Monday, November 10, 2008

A Former Pain-Body: RECOGNIZED

Because of the human tendency to perpetuate old emotion, almost everyone carries in his or her energy field an accumulation of old emotional pain, which I call "the pain-body."

pain-body: this accumulated pain is a negative energy field that occupies your mind and body. If you look on it as an invisible entity in its own right, you are getting quite close to the truth. It's the emotional pain body. It has two modes of being: dormant and active....

Tonight, I have focused my energy back to Eckhart Tolle's book: A New Earth. It is taking me quite a while to get through this book, for a few reasons. It is deep. It requires a open mind and time to process each paragraph. I knew it was time to pick it back up after talking to a friend of mine about the pain-bodies that he is dealing with. I have also been reflecting on the moments of my life that my pain-body were apparent.

The past lives in you as memories, but memories in themselves are not a problem. In fact, it is through memory that we learn from the past and frompast mistakes. It is only when memories, that is to say, thoughts about the past, take you over completely that they turn in to a burden., turn problematic, and become part of your sense of self. Your personality, which is conditioned by the past, then becomes your prison. Your memories are invested with a sense of self, and your story becomes who you perceive yourself to be. This "little me" is an illusion that obscures your true identity as timeless and formless Presence.

For some reason, as I read about pain-body's again, (which are triggered by situations that arise that are similar to something you experienced (negatively) in the past), I recalled a heavy pain-body that I once experienced.

When I was young-er, I dated a guy for a very loooooong time. Early on in our relationship, I would get soooooooooo mad at him for drinking beer. It didn't matter what the situation, if he had a beer in hand, I was PISSED. My attitude would completely change, and I would get mean. I would allow his beer drinking to ruin my day, even if he was just having a beer to cool himself down after mowing the grass on a hot day.
Today, I realized why I got so upset when he would drink a beer. My dad was an alcoholic when I was young. And when this guy would open a beer, my pain-body would go in to full effect and I would be taken back to that dark place.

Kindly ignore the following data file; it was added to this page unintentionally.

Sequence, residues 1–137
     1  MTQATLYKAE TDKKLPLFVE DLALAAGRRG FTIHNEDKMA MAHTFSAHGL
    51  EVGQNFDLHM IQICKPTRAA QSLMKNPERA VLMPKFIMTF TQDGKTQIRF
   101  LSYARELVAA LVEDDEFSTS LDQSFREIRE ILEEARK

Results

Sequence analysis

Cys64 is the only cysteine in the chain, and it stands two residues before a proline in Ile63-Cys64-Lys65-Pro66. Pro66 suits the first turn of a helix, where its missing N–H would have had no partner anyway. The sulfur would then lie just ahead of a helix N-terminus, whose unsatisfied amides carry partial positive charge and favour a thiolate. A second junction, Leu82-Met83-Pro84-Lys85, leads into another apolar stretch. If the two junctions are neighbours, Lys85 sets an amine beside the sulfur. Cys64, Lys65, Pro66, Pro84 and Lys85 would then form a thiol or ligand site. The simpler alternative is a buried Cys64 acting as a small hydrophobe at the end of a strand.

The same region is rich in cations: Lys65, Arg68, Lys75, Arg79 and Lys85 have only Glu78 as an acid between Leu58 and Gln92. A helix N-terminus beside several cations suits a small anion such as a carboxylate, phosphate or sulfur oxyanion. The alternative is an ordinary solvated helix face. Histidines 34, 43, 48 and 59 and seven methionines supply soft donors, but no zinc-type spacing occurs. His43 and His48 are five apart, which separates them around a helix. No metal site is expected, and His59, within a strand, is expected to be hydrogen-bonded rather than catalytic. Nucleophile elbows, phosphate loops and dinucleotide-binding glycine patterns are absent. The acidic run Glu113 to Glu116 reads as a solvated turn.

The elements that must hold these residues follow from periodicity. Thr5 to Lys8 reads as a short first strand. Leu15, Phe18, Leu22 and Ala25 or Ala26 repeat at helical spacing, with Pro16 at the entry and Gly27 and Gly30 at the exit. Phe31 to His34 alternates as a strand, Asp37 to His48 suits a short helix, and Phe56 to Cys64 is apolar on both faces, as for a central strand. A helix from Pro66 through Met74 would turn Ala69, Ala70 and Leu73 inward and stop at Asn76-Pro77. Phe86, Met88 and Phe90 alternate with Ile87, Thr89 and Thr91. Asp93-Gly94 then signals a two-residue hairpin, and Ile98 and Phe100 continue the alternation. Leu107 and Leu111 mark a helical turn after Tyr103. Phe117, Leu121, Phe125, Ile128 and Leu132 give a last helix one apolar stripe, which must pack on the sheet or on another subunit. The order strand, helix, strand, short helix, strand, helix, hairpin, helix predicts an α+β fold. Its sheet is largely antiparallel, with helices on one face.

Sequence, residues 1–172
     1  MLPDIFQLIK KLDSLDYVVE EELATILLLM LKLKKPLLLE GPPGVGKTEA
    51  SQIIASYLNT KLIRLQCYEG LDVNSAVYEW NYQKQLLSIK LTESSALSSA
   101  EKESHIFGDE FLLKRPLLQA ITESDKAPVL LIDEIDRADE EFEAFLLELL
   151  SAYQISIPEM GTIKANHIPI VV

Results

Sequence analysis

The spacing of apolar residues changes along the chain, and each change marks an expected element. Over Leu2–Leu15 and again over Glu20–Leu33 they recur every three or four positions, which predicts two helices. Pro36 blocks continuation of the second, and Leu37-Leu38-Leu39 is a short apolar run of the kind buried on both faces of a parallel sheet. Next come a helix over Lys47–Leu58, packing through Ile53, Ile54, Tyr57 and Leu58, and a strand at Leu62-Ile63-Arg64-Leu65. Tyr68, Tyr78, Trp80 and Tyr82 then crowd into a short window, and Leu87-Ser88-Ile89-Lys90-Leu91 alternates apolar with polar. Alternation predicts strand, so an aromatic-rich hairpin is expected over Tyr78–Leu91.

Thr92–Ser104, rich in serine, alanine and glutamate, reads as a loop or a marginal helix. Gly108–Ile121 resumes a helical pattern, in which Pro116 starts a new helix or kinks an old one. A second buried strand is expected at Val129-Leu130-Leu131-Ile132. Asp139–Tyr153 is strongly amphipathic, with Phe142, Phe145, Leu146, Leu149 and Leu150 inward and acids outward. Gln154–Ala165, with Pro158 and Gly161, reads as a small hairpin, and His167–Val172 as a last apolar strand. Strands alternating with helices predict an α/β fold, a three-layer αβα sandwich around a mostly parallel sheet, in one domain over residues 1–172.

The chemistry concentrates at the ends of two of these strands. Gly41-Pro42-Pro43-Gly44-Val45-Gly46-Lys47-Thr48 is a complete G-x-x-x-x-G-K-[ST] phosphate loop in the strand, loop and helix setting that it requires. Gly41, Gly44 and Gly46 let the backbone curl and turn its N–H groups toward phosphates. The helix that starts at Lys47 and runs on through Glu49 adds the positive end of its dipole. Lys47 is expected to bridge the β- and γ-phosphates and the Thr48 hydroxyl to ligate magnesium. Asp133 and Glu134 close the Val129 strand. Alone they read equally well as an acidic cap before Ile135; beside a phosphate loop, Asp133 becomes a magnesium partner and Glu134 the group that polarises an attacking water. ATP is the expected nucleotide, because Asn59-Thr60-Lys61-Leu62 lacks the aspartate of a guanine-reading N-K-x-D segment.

Why that particular situation sticks out in my mind so much after reading that particular chapter in A New Earth, I do not know... but I can say that I learned something new about myself this evening....not only through my own experiences, but from friends experiences as well. What an honor it is when a friend allows you to advise them on the next step they should take to continue moving forward with their lives. I thank them for that opportunity. Win/Win.

A friend told me that a friend told him about an experience she had at the Cincinnati airport. While approaching the moving walkway she read a sign above: "DON'T STOP. DON'T LOOK BACK. KEEP MOVING"

Cheers to a few moments of free time to step away from the rest of the world and lose myself in a book.


Quoted is Eckhart Tolle in A New Earth.


Phil Marx said...

We can never fully separate ourselves from our experiences. People who grow up with an alcoholic parent will often end up in one of two states themselves. Either they will be an alcoholic themselves, or they will be vehemently against alcohol. And whichever choice we make, the fact that Mom/Dad was that way most likely figures prominently into the equation.

The best we can do is be self-aware and try to make as many adjustments as possible to try and straighten out the curves that life throws at us.

Phil Marx said...

I read a sample of Toole’s book and it looks like it might be an interesting read. I think that if a book has to be re-read in order to be understood, then it is probably a really good book or a really bad book. I guess I’ll have to read Toole’s book to find out.

I remember when I read an excerpt of Marshall McLuhan’s writings. At first, I thought the guy must have been high on crack when he was writing his books. But after I re-read it, I realized he was a freaking genius of some sort - especially considering the fact that he was writing this in the early 60’s.

Bird * said...


You CAN separate yourself from a terrible experience. The book is a must read, and I can't wait to hear from you after you have read it.

xox Bird

Phil Marx said...


I just want to clarify what I said before. I do not necessarily think that having a bad experience mandates that you will either follow that example or choose the opposite extreme.

In other words, the child of the alcoholic might become an alcoholic also, or might choose never to drink at all, but could also choose and be able to drink in moderation.

What I am saying is that as sentient beings, we can not just forget those experiences. If we have bad experiences, the best way to ensure that they don't cause us to adopt extreme behavior ourselves is to reflect on the experience and be honest about how it has/is affecting us.

I see a lot of people who don't seem to do this very well. Then again, I only know a fraction of the six billion inhabitants of this planet, so I am sure my view is slightly skewed.

Regardless, I have never read Eckhart Tolle's thoughts before and I expect that doing so will modify my own views. So I'll read the book, and I'll get back to you on this.